Learning to Ride a Bike at 30 in San Francisco
This is a guest post. Daniel is a product manager in San Francisco with eternal wanderlust. In his spare time, he reads Calvin & Hobbes, eats fried chicken, and helps with NoJack. Find him on Twitter here.
I’m 30, I just moved to San Francisco, and for the past month I’ve been learning how to ride a bicycle.
Now I know what you’re thinking, and no I’m not starting out on training wheels. I don’t have a bicycle with a basket and a bell. I already went through the baseball-cards-in-your-spokes, pegs-on-your-rear-wheel phase. But I’ve never seriously ridden a bicycle – the longest distance was probably biking the mile to the convenience store when I was 14.
So now a decade and a half later, why do I want to start biking?
It probably has something to do with me backpacking Asia over the last few years and seeing how ubiquitous bikes are in other countries – as opposed to Minnesota where I grew up where you get a pickup truck for your 16th birthday (seriously, I think it’s written into our state constitution or something). It also probably has something to do with the city of San Francisco – small and compact, while being extremely bike-friendly. It might have to do with my current group of friends, who all ride to some degree. And maybe a small part of me just wants to lose my beer gut.
So first things first, how do I even go about buying a bicycle?
I quickly found out that everyone and their mother has an opinion. “Buy a cheap, vintage bike.” “Get one as light as possible, preferably carbon fiber.” “Screw gears, get a single-speed or fixie.” “By a hybrid so you have the option of taking it offroad.”
I guess buying a bike isn’t as simple as buying a bike – a bike defines you as a person. It labels you. You’re buying into a subculture. This is some mods vs. rockers type shit.
After some careful thought, I decided I’m a vintage bike kind of guy. So I set out to find something on Craigslist. Ok there’s a lot of good stuff on CL, and most stuff is relatively easy to find, but buying a bike ain’t that. I guess if I was willing to buy a stolen bike (I’m not) the process would be easier. So many postings have no description but a million tags. And 20 bikes will be in front of the same outdoor wall that looks like it’s in the Mission somewhere.
So I go the used bike shop route. I end up buying an orange bike. (This might sound funny to you, but I honestly know nothing about my bike. I have no idea the brand or how old it is. All I know is it’s a steel frame, orange bike.)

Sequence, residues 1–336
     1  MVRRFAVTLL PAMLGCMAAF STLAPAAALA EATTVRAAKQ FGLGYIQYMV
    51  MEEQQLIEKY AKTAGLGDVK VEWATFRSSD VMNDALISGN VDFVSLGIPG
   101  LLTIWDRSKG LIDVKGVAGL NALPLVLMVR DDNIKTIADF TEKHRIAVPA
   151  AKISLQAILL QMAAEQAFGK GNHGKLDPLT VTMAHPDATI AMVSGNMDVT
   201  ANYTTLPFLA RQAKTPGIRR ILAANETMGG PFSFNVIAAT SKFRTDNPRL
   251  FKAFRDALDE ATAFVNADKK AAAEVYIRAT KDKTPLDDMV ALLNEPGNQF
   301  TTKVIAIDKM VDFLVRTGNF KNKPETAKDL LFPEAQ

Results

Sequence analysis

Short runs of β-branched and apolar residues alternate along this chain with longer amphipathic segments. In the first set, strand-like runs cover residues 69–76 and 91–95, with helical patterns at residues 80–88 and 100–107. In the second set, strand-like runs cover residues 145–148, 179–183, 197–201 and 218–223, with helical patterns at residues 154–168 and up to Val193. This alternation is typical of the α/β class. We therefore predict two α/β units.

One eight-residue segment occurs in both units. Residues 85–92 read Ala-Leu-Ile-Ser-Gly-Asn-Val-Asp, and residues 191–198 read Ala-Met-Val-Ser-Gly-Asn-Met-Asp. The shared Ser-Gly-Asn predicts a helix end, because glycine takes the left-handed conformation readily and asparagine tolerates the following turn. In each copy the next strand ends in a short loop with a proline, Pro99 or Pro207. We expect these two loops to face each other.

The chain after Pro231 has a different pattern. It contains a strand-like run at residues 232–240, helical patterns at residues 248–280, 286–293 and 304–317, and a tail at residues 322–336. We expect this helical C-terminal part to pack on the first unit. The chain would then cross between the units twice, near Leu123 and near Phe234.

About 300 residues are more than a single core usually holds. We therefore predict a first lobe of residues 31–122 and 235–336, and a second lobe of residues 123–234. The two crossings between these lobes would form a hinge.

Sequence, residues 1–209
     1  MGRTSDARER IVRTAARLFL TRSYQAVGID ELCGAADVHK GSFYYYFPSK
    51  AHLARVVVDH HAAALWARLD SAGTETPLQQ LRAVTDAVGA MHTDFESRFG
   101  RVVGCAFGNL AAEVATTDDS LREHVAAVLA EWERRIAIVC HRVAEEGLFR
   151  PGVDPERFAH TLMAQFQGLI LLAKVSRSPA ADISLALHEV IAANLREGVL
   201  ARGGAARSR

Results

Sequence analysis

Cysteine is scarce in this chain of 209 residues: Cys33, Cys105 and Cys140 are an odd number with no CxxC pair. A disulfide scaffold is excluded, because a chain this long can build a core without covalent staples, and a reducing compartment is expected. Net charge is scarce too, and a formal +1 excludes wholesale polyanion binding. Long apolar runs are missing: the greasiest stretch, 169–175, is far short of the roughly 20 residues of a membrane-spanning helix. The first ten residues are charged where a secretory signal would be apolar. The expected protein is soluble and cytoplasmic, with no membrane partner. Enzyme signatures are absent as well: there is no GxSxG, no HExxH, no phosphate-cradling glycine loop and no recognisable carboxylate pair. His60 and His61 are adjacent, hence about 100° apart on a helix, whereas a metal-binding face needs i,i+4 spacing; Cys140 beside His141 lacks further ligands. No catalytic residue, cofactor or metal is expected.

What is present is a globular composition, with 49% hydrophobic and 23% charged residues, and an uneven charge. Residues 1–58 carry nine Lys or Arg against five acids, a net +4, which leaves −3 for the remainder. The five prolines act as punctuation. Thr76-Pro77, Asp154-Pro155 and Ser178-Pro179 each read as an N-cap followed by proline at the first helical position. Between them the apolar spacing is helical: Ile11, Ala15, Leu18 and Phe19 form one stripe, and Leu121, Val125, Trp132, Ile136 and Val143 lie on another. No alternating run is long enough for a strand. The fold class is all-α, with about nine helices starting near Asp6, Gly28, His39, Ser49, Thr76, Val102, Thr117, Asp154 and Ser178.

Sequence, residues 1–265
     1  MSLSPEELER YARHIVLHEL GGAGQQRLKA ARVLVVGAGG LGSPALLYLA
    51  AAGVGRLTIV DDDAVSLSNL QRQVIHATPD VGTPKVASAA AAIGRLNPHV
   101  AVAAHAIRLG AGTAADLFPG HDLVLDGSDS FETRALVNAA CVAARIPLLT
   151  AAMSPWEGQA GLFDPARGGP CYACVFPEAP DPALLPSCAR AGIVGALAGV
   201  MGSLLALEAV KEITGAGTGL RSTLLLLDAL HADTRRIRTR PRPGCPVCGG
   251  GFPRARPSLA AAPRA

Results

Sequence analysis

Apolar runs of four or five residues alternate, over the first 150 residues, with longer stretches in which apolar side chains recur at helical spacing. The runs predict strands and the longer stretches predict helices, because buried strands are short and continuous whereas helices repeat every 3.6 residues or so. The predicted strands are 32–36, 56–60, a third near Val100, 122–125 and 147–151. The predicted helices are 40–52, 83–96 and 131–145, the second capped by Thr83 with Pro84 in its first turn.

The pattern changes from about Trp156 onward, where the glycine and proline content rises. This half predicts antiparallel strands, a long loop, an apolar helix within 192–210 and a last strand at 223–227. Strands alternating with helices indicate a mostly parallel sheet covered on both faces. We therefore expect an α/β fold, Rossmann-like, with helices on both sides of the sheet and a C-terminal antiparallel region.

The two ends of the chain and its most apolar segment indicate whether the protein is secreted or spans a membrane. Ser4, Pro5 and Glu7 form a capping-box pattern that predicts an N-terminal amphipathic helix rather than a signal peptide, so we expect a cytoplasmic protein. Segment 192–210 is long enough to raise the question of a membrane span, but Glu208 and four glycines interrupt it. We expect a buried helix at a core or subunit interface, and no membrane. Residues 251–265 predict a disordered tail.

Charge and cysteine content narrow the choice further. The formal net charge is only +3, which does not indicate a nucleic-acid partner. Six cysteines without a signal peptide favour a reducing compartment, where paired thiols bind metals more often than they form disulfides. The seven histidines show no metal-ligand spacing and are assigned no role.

My first ride in San Francisco was a shitshow.
I rode my new purchase home from the bike shop in North Beach to Lower Pacific Heights, which is roughly 3 miles. I do my best to avoid hills, but embarrassingly, I still had to stop multiple times to catch my breath. I arrived home a hot, sweaty mess. Which is impressive, because San Francisco is a windy, chilly 50 degrees. You’ll get your bike legs really quickly, my friends all said. In a few rides you’ll be sprinting these hills. Yeah screw that, I could barely walk the next day. I felt like I was in 8th grade gym class and just did 20 minutes of wall sits.
After a few days once I could feel my legs again, I decided to go for my first official ride. I went to my local bike shop down the street and inflated my tires. “70 PSI MAX” was printed on my tires. I’ll go safe and inflate to 60.
Half a mile into my ride, I hear a shotgun blast. It was the loudest BOOM! I’ve ever heard. My ears are ringing now just thinking about it. I looked down and noticed both my tires exploded, and both wheels were mangled. How I got two simultaneous flats, I have no idea.
Working on your bike gives you more of an appreciation for it.
So over the next few days, I started ordering parts to replace on my bike. New wheels, check. New tubes, check. New cassette, check. New handlebars? Why not – check. I was actually getting giddy as my parts arrived piecemeal in the mail.
Once the last piece arrived, I took them to Bike Kitchen in the Mission – a totally rad not-for-profit that allows you to bring in your bike and fix it in their workspace. I dutifully worked on my bicycle, with the help of all the volunteer bike mechanics. And slowly I restored it to its former glory.
Now I feel like my bike is mine.
I built this baby up. These are my parts. It’s a whole new level of ownership. I almost feel a duty to ride it, and when I do it’s a feeling I can’t describe.
So biking down Market is the best thing ever.
For the past month, I’ve been commuting to work on my bike. I’m learning when to be assertive and when to be passive when it comes to other motor vehicles. I’m learning my riding style. I’m learning when to push myself and when to take it easy. I’m learning when to take risks and when to consider my safety.
A lot of my commute is biking on Market Street. It’s the closest thing that comes to biking in Asia. I start on Market pretty far away from downtown, so it’s usually just me on the road with all the buses, taxis, and cars. And stop by stop, more bikers join. It becomes a hive, a colony of bikers that cruise down Market. We weave in and out of traffic, around buses and cable-car tracks. Everyone is courteous, everyone follows the person in front of them. It’s like a school of fish in rhythm, all tracking to a destination, but using improv to get there.
Maybe I enjoy this ride because I’m new to biking. Maybe it’s because I typically don’t exercise in the mornings, and I’m getting an endorphin rush I’m not used to. Maybe as I continue to ride to work, I’ll enjoy it less and less, and hate the traffic more and more. But somehow I doubt it.
People who ride really love to ride. I didn’t really get it until I bought my bike. Fixing it up helped me connect to the machine, and my fun commute helped me connect to the road.
The first month’s been great. Let’s see how the next one goes. And the next.
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